Simple List numbering

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Simple Lists are simple to use, but very difficult to understand or fix. But wait... it gets worse: it is essential to understand Simple Lists before you can understand Outline Numbering. And that's... ummmm ... awful!

Common examples of list-based numbering are paragraphs and footnotes. Paragraph numbering can use simple lists, but footnotes always use simple lists.

We all know what a "shopping list" is. It's a list of names of products and the number you need to buy. OK, in Word a Numbered List is a list of paragraphs and the kind of number to put on each of them. If you were to examine the code internally, you would see an HTML-like structure:

Link to a  List Definition
Begin Ordered List
   List item
   List item
   List item
End Ordered List

The whole key to the idea is that a list has a definition, a beginning, one or more items in the list, and an end. The most important distinguishing feature of a "Simple List" is that in a list, there can be only one level of numbering. Numbering levels are explained in the Outline Numbering pages.

In a simple numbered list, a definition says "List number 23 is a sequence of Arabic numerals starting at 1, incrementing by 1, indented 3cm, and formatted in 12-point Times New Roman bold." This definition is a List Template stored at the end of the document (hidden in the Default Section Break that is contained in the last paragraph mark).

To see a typical definition of a List Template, select any item on the Format>Bullets and Numbering dialog and click on the Customise button.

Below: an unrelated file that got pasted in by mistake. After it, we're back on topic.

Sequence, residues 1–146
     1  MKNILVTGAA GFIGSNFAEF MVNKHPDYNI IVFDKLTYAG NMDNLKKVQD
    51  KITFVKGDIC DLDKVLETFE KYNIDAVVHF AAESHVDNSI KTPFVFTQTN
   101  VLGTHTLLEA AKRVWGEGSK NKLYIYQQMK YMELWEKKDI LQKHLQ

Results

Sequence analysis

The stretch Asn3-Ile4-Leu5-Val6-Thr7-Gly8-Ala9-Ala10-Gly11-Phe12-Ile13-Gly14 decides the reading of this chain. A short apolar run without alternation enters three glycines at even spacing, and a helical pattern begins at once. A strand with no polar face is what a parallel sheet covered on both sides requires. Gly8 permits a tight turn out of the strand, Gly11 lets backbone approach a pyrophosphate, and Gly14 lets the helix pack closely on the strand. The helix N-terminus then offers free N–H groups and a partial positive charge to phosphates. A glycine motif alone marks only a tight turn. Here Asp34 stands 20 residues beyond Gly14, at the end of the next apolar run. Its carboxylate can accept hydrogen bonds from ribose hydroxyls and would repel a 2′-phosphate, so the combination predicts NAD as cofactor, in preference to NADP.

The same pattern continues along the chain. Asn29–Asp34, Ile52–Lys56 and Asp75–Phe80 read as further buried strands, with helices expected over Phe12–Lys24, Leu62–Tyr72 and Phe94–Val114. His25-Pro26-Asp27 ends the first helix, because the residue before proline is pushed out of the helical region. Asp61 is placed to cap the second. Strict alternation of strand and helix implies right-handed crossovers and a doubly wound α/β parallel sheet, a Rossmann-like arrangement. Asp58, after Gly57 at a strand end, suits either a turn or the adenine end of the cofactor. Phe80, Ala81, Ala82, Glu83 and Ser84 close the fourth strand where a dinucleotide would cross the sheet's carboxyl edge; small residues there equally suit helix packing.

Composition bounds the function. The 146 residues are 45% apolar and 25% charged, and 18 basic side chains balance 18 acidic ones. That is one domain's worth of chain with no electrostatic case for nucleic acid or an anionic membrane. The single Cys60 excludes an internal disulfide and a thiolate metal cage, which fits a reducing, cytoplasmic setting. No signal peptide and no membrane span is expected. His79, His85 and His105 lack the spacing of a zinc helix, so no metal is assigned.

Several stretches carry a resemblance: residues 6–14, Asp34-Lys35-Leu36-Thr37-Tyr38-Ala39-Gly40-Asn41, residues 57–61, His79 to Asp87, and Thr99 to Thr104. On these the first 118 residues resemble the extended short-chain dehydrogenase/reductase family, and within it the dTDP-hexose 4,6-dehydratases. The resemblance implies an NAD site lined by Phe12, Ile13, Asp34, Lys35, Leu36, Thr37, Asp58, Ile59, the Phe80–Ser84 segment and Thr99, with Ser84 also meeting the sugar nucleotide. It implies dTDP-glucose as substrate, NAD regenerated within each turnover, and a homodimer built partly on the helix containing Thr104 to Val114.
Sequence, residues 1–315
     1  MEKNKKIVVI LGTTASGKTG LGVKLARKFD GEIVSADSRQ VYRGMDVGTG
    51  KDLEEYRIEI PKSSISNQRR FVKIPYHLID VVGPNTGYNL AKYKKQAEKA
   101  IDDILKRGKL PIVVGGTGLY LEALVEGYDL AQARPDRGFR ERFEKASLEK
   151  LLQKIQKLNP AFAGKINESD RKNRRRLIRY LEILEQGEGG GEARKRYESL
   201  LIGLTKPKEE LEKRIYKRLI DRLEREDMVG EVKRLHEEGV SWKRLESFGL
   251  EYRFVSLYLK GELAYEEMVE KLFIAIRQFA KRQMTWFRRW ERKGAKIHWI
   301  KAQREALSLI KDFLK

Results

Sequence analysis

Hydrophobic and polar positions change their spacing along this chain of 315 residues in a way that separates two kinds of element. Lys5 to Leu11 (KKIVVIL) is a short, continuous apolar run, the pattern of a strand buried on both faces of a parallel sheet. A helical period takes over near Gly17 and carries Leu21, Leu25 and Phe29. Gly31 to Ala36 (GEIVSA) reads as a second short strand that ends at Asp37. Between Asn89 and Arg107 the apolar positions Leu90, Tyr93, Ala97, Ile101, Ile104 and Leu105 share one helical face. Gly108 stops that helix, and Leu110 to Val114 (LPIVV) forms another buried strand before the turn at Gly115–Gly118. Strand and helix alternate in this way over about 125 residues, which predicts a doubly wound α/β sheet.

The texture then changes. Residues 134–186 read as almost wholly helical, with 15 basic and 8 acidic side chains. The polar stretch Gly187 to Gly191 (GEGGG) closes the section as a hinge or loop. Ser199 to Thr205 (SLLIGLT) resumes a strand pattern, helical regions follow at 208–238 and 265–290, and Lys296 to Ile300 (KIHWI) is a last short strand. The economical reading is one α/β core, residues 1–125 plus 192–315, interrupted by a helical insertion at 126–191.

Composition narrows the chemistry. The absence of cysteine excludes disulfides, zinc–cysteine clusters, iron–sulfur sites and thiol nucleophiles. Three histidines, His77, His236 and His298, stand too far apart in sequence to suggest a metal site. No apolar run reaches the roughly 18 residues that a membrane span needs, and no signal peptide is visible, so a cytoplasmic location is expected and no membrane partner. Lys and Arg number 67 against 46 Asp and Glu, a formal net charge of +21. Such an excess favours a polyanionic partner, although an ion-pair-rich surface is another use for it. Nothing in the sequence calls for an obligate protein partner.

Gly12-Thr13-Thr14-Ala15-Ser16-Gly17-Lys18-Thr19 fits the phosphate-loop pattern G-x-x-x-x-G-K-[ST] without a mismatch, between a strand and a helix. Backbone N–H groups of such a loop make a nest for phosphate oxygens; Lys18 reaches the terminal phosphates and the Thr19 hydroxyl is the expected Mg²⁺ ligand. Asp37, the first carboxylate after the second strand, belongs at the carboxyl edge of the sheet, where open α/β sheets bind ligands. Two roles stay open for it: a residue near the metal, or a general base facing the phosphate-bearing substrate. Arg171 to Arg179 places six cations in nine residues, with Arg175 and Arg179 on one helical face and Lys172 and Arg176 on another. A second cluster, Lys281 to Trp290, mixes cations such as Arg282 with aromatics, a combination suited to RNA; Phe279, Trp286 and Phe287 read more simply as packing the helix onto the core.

List Galleries

There are three kinds of List Template: bulleted lists, numbered lists and outline numbered lists. These are made available to the user interface via three "List Galleries". The List Galleries are what you see when you select the Format>Bullets and Numbering dialog. A document always has three List Galleries, whether or not the document contains any numbering. All three, plus the seven List Templates associated with each, are stored in the default Section Break – as are any List Templates which don't form part of the List Galleries collection.

The important thing to remember about the List Galleries collection is that it is no more than a series of windows, which allow you to see the first seven List Templates under each of the three categories. No matter how many List Templates the document contains, the List Galleries collection only includes 21 of them.

This is one of the most important reasons why using List Galleries (and therefore why using the Format>Bullets and Numbering dialog) will inevitably lead to highly unstable numbering. Your document may contain 100 List Templates, but only the first seven List Templates (in each category) will be displayed in the dialog or form part of the List Galleries collection.